By Boy Scouts of America
Nov 29, 2014

Play Safe in the Snow—Winter Sports Safety

AS WINTER RETURNS, Scouters’ thoughts turn to sports such as skiing, tobogganing, and sledding, which means it’s also time to review the basics of winter safety. Item 3 of the Winter Sports Safety Section in the Guide to Safe Scouting reads:

“Appropriate personal protective equipment is required for all activities. This includes the snowboardingrecommended use of helmets for all participants engaged in winer sports such as sledding other sliding devices. The use of helmets is required for the following:

  • Downhill skiing,
  • Snowboarding
  • Operation of Snowmobiles (full-face helmets).”

This change may be found  in the electronic version of Guide to Safe Scouting. (The updated printed versions will be found in printings after January 2011.

Richard Burlon

Richard Burlon, Health and Safety Team Leader at Boy Scouts of America

Richard Bourlon,Health and Safety Team Leader at Boy Scouts of America, stresses the danger of collisions in winter sports. “Impacting something else is the leading cause of injury,” Bourlon notes. “It could be another Scout, a leader, hidden debris, or tree stumps.”

Bourlon also cautions that inner tubes and saucer-type sleds are difficult to control. “Steerable sleds have a better safety record than other devices, unless you’re on a course designed for a tube.”

Mark Dama, Risk Management team leader, emphasizes appropriate personal equipment in winter sports, including helmets required for downhill skiing, snowboarding, and operating snowmobiles. Scouting does not require helmets for sledding, though the Health and Safety committee is reviewing the matter in light of a tragic accident last year involving Pennsylvania 12-year-old Ian Joshua Miller—known to most as Joshua—who died after his saucer-shaped sled struck a ski-lift tower.

Holly Wastler-Miller, Joshua’s mother, advocates that helmets be required during sledding, citing a recent study that reports about 20,000 kids suffer injuries each year in sledding accidents.The American Academy of Orthopaedic Surgeons recommends the following safety guidelines to improve sledding safety:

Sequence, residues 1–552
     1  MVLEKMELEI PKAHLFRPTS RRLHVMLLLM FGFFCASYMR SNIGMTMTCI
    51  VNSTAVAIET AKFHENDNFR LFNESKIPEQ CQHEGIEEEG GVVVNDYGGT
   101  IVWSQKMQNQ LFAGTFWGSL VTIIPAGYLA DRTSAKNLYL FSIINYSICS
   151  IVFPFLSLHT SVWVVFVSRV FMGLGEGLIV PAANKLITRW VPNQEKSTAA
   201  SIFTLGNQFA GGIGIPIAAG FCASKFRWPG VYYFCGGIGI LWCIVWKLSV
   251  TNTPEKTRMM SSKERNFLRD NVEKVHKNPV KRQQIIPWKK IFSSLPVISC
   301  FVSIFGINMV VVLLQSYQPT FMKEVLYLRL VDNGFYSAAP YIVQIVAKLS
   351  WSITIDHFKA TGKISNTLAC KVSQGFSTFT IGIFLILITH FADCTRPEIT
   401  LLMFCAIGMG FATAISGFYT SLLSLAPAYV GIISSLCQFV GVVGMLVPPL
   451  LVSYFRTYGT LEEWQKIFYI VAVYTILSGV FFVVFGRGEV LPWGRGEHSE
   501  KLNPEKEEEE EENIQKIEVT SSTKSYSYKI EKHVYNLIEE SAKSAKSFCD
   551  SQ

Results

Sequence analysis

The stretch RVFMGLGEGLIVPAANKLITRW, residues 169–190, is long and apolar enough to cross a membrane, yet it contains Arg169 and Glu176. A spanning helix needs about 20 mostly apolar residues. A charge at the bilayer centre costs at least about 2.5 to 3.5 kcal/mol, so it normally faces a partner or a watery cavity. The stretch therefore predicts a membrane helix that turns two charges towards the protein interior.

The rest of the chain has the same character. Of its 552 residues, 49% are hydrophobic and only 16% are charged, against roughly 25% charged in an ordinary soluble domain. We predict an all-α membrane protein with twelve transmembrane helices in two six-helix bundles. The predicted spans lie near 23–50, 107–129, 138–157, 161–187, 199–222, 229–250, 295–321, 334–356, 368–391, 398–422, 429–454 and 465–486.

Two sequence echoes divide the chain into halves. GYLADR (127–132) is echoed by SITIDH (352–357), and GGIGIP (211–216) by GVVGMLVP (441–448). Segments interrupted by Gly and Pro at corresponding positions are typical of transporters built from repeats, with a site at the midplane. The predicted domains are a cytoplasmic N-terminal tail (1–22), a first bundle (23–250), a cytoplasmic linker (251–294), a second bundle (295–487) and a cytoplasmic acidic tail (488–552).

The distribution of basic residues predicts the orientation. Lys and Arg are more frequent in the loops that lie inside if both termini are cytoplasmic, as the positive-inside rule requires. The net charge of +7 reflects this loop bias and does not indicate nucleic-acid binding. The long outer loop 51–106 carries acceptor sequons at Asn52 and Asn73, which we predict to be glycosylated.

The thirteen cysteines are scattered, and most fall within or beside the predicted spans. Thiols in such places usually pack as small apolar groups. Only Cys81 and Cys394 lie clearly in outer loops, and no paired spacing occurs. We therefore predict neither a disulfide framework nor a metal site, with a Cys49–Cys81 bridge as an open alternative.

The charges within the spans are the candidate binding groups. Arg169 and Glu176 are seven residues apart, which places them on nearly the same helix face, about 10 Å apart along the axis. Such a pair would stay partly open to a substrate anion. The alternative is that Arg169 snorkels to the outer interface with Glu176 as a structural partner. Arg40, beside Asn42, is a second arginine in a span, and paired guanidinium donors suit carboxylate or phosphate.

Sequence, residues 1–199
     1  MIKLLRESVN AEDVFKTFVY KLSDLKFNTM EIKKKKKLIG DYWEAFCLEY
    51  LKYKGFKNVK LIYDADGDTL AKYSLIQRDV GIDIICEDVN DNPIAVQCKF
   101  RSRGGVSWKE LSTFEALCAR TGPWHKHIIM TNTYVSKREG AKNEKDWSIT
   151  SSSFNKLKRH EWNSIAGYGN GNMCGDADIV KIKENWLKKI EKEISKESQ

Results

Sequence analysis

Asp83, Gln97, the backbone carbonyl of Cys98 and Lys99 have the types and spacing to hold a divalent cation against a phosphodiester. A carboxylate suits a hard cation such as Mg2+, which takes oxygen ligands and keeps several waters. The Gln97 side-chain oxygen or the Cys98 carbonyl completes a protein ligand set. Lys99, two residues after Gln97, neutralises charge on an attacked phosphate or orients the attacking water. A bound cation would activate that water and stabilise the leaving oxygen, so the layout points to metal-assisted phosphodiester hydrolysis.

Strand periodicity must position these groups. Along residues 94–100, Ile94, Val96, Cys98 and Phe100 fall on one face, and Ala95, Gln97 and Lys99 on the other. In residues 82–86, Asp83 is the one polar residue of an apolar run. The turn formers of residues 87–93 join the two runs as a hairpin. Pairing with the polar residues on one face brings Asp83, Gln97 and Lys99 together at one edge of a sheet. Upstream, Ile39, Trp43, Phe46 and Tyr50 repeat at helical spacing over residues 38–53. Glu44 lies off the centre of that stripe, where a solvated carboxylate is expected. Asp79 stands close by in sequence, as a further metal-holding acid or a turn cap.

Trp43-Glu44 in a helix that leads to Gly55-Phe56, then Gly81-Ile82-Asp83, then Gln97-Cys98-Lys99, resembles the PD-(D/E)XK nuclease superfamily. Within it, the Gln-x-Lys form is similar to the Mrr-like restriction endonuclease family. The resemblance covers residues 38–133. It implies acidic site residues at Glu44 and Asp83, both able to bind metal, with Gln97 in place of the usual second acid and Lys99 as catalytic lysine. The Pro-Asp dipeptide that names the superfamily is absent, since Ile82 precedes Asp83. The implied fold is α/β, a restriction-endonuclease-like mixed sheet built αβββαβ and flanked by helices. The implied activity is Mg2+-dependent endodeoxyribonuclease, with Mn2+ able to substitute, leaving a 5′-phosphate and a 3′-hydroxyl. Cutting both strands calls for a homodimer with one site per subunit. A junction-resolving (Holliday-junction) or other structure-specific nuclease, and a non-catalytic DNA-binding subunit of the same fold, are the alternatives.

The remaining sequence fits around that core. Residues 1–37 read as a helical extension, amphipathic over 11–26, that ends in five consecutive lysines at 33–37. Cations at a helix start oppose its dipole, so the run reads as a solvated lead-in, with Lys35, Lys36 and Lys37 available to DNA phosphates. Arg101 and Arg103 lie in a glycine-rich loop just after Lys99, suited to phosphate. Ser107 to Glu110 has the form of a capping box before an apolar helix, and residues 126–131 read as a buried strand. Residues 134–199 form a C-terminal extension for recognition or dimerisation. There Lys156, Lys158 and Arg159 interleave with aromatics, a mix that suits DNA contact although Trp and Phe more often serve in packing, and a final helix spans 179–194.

• Parents or adults must supervise children at all times while they are sledding.
  • Sled only in designated areas free of fixed objects such as trees, posts, and fences.
  • Do not sled on slopes that end in a street, drop-off, parking lot, river, or pond.
  • All participants must sit in a forward-facing position, steering with their feet or a rope tied to the steering handles of the sled. No one should sled headfirst down a slope.
  • To protect from injury, it is important to wear helmets, gloves, and layers of clothing.
  • Do not sit/slide on plastic sheets or other materials that can be pierced by objects on the ground.
  • Use a sled with runners and a steering mechanism, which is safer than toboggans or snow disks.
  • Sled in well-lighted areas when choosing evening activities.
  • Individuals with pre-existing neurological problems may be at a higher risk for injury.

Please remember The Sweet 16 of BSA Safety, which embodies good judgment and common sense for all Scouting activities:sandwich principle

  1. Qualified Supervision
  2. Physical Fitness
  3. Buddy System
  4. Safe Area or Course
  5. Equipment Selection and Maintenance
  6. Personal Safety Equipment
  7. Safety Procedures and Policies
  8. Skill Level Limits
  9. Weather Check
  10. Planning
  11. Communication
  12. Permits and Notices
  13. First-Aid Resources
  14. Applicable Laws
  15. CPR Resources
  16. Discipline

Stay Safe With Emergency Beacon APP

Snow Safety Emergency Beacon App

All Scouters know that good training and planning can do a lot to prevent outdoor mishaps. But in case of an emergency, it’s nice to have backup.

Nick Entin, an Eagle Scout and avid skier with Troop 128 in Rancho Palos Verdes, Calif., developed Emergency Beacon, an iPhone app that allows those in need of assistance to send their GPS coordinates via e-mail or text message to preset contacts along with a message stating that they need help.  It also features an audible alarm, which can be used to guide rescue workers to the sender’s location.

Try it out on your next adventure. 99 cents on Apple’s App Store.

Health and Safety LogoThis article was taken from  BSA’s Winter Safety site and from the November-December 2011 issue of Scouting magazine
Author: Chris Tucker | writter for Scouting magazine.

B2Y by FOS Final





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